Whining women let the side down

Males may dominate the workplace but their war-like tactics are not the most effective for coaxing customers or peers. Melanie Rhodes explains how a little female nous can go a long way in business. Melanie Rhodes was until recently head of ad

Let’s consider some facts about the progress of women. In the country, just one in ten MPs is a woman, while in business, women who reach and cling to board level soon learn that if there are three female directors sitting round the table they will be surrounded by 97 men. So what or who is holding women down?

Let me be bold. Recent physiological evidence suggests women have smaller, lighter and less capable brains. On average, their IQ is four points lower, while at boffin level, women are outnumbered by men by nine to one. But of course this data is only part of the story, since IQ only measures certain skills, and size as we know is not everything. Compared with men, women think and communicate differently. Typically, at work they listen more and tend to seek a consensus when a decision has to be taken, often preferring to conciliate while males confront.

For women to succeed in a male-dominated environment, they need to maintain their female integ-rity and focus on what they do best. For example, men invariably behave with greater ag-gression, which is OK if you’re planning a war, but when selling, most companies find customers like to be coaxed – not attacked – and to coax you need to listen, and to listen you really need the qualities of a woman.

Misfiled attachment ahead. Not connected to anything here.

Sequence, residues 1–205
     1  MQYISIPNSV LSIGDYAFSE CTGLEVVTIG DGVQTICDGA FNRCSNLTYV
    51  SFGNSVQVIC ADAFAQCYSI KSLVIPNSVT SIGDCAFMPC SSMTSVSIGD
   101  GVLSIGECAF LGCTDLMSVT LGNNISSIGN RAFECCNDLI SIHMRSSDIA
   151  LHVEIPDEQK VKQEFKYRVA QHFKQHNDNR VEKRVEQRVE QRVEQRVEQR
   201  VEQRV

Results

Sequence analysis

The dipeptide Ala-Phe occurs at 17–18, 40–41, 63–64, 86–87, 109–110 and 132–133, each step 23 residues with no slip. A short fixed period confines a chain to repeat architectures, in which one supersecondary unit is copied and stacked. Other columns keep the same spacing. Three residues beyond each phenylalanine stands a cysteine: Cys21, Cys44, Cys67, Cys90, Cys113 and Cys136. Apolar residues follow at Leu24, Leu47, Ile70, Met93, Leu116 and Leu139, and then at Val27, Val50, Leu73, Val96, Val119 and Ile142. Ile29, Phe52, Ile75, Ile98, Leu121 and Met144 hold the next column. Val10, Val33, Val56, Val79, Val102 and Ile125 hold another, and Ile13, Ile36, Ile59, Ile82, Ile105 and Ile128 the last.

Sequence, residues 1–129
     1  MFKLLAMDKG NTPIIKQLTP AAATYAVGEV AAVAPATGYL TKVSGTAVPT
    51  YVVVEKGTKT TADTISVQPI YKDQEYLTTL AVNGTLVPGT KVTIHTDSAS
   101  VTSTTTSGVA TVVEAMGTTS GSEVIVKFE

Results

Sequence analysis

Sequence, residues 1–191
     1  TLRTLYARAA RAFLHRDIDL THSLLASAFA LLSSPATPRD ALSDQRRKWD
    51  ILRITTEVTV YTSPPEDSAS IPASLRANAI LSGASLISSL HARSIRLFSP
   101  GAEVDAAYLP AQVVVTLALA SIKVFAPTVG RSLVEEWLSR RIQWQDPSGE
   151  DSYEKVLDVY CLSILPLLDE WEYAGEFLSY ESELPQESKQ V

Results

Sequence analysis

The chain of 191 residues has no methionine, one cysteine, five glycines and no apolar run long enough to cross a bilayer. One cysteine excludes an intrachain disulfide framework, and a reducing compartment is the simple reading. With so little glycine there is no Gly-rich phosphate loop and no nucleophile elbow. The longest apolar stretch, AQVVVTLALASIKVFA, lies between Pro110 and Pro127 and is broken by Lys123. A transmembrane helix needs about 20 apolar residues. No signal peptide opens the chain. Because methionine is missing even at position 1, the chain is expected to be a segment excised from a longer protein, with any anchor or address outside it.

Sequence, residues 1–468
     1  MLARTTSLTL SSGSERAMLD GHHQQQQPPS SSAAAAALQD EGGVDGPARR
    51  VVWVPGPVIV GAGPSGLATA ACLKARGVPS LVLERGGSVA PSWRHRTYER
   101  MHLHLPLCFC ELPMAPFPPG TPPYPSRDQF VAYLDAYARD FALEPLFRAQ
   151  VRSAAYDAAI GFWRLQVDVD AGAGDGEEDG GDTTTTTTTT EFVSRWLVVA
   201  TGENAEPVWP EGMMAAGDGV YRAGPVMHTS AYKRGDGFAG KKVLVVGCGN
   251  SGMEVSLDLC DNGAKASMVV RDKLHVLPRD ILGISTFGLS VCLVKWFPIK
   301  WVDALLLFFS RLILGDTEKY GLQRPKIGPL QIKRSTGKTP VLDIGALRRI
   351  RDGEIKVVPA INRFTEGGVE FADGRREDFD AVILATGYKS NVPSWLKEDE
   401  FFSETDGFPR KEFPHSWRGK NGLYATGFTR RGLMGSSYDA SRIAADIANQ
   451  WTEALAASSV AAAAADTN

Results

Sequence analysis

Simply look around a marketing department, or advertising agency, or a TV station. In the communications business, more and more women are employed, not simply in menial roles, but at managerial and director levels as well.

Think of the stars – from my old boss Jan Smith, to Amanda Walsh, and good old Janet Street Porter. All of them have demonstrated success and none of them has felt it necessary to pretend to be a man. So how have they done it? Simple: unlike a lot of men, they make their company and the product the hero instead of themselves. Wisely, they have also distanced themselves from that self-defeating band of whining females who blame “the glass ceiling” when in fact they should look in the mirror and point a finger at their own lack of ability.

There is also a lesson to be learnt by companies. People work best as part of a team and teamwork requires two things: leadership, rather than dictatorship, and willingness. If you don’t ask your staff you’ll never learn and if you fail to ask your customers you will not be around for long.

It is advisable to do one of two things: employ more women to do senior jobs or employ more men with some of those admirable female qualities.

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